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Mole removals are carried out for a number of reasons, both medical and cosmetic.
Why would I need a mole removed?
If a mole is found to be cancerous, or contain abnormal pre-cancerous cells, removing them as soon as possible is very important. Your consultant may also recommend removing a mole if it looks suspicious and could potentially become problematic.
Many mole removals are carried out for cosmetic reasons too, or if a mole is situated somewhere on the body that’s causing discomfort or irritation, such as on the neck where it might be catching on jewellery.
Removing moles is usually a very straightforward and quick procedure carried out on a day case basis, which means you’ll be able to go home shortly afterwards. Local anaesthetic will be injected to numb the area first, so it won’t be painful.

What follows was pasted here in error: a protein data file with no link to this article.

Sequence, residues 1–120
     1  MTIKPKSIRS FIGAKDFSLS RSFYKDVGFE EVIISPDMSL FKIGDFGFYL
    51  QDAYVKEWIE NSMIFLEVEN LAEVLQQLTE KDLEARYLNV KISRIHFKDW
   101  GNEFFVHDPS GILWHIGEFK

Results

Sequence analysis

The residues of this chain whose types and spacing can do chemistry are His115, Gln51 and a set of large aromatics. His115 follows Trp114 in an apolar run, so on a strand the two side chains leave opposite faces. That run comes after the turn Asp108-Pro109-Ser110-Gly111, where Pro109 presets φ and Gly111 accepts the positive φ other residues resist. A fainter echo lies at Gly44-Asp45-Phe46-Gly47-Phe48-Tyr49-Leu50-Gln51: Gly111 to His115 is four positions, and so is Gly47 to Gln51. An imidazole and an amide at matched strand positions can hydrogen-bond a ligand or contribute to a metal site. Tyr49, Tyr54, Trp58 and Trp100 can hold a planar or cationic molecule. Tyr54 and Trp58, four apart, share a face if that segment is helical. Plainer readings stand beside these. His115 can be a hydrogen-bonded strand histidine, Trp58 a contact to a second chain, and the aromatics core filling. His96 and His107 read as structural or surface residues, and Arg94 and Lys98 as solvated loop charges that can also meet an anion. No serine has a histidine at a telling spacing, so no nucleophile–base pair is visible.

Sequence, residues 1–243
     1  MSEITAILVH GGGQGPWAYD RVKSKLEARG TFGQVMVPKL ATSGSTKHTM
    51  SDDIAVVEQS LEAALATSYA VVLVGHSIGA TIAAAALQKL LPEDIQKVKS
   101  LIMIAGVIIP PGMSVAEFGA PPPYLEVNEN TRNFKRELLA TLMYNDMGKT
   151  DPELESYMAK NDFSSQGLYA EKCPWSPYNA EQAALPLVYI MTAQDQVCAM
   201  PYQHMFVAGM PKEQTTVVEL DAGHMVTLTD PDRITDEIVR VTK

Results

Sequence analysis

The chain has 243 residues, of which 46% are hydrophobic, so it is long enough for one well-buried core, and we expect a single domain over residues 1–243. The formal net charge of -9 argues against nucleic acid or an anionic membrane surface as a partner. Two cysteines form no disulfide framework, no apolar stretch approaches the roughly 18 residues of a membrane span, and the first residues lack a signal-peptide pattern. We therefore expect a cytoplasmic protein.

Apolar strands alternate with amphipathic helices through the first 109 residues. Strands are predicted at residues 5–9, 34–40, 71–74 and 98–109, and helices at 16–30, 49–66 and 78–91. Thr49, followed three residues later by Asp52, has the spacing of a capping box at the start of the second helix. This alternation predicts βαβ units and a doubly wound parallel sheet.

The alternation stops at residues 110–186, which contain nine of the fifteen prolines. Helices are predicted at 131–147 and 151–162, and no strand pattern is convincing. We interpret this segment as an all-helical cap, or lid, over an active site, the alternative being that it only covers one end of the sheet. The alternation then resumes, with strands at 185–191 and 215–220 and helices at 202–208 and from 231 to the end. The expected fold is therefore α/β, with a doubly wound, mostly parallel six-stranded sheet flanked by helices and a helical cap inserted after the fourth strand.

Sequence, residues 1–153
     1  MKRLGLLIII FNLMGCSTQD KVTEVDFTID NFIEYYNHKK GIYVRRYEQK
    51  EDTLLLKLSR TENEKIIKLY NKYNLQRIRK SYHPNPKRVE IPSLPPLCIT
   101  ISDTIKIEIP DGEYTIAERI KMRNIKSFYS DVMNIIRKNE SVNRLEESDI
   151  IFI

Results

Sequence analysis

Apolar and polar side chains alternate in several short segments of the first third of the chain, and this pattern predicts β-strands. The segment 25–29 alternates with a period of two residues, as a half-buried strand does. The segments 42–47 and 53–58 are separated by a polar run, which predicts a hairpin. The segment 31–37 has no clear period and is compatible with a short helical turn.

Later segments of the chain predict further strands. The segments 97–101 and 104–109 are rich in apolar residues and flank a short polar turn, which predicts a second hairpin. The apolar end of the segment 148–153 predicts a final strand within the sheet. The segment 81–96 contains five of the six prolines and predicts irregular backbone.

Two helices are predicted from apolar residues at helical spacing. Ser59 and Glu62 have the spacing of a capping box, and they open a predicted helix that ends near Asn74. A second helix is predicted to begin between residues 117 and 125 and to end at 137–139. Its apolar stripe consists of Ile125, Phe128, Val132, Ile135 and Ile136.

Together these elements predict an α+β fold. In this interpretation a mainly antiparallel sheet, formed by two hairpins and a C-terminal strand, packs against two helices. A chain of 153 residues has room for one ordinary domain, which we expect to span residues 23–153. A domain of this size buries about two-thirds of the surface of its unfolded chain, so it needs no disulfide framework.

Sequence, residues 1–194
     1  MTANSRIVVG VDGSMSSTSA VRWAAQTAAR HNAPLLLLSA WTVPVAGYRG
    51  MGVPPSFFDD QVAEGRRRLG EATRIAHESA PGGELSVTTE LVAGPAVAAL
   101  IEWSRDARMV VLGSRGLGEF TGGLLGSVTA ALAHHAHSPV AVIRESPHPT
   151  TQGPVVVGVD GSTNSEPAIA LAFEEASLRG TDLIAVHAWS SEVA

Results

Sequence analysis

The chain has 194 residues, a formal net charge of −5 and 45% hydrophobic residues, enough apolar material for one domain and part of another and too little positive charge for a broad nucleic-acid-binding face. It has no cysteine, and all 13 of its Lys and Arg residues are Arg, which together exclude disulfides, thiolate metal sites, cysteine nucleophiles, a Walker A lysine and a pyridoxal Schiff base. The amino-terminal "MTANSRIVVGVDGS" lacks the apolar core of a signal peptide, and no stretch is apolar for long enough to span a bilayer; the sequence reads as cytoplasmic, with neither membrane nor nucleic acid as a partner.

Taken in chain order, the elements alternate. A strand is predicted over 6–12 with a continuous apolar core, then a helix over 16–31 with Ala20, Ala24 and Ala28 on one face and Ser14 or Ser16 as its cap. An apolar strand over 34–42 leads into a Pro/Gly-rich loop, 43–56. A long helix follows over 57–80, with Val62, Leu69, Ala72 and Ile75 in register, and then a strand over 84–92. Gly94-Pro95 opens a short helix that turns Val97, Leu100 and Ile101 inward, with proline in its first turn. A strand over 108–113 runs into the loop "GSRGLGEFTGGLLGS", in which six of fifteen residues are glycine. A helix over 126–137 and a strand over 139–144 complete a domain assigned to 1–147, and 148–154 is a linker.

Various techniques can be used, depending on the size and nature of the mole. If a mole is being removed for cosmetic purposes only, often a ‘shave biopsy’ will be performed – the dermatologist will use a very fine scalpel to ‘shave’ the mole off from the surface of the skin. If a mole is cancerous, or abnormal cells are suspected, then it’s often necessary to remove a section of the surrounding tissue as well, so a procedure called an ‘excision biopsy’ will be used. This means there will be a slightly deeper wound afterwards which will need to be stitched closed. The mole and the tissue that was removed will then be sent to the lab for testing.